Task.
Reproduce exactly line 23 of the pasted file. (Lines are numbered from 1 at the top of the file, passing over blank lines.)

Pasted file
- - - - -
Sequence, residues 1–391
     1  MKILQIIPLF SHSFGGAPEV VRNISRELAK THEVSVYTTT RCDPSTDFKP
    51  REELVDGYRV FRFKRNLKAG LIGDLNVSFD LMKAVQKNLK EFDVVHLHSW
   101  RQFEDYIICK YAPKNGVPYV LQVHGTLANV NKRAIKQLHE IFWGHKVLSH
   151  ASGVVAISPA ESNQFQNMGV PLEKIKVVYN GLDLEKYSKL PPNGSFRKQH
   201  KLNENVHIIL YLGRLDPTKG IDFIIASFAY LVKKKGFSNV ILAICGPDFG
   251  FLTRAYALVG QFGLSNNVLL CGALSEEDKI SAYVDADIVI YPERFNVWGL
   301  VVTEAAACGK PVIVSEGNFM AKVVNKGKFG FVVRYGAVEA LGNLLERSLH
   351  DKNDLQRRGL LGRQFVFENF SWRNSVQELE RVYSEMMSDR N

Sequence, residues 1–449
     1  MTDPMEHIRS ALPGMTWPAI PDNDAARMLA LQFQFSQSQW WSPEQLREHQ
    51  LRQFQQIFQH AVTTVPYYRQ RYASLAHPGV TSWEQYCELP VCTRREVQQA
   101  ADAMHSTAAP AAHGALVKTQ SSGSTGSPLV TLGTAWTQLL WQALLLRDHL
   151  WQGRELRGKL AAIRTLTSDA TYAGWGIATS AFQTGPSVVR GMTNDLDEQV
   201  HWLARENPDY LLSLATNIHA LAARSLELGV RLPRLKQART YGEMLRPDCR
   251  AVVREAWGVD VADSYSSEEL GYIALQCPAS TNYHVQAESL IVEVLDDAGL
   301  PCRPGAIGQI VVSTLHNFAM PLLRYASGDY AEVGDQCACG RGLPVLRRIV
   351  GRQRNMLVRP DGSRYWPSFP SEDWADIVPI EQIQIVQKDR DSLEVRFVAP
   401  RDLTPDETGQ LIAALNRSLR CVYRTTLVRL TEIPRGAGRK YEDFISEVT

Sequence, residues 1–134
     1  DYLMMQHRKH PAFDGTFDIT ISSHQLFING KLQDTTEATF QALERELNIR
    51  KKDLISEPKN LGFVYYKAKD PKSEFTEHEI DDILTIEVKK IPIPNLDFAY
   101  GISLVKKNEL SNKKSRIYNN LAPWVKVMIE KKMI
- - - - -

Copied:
   101  GISLVKKNEL SNKKSRIYNN LAPWVKVMIE KKMI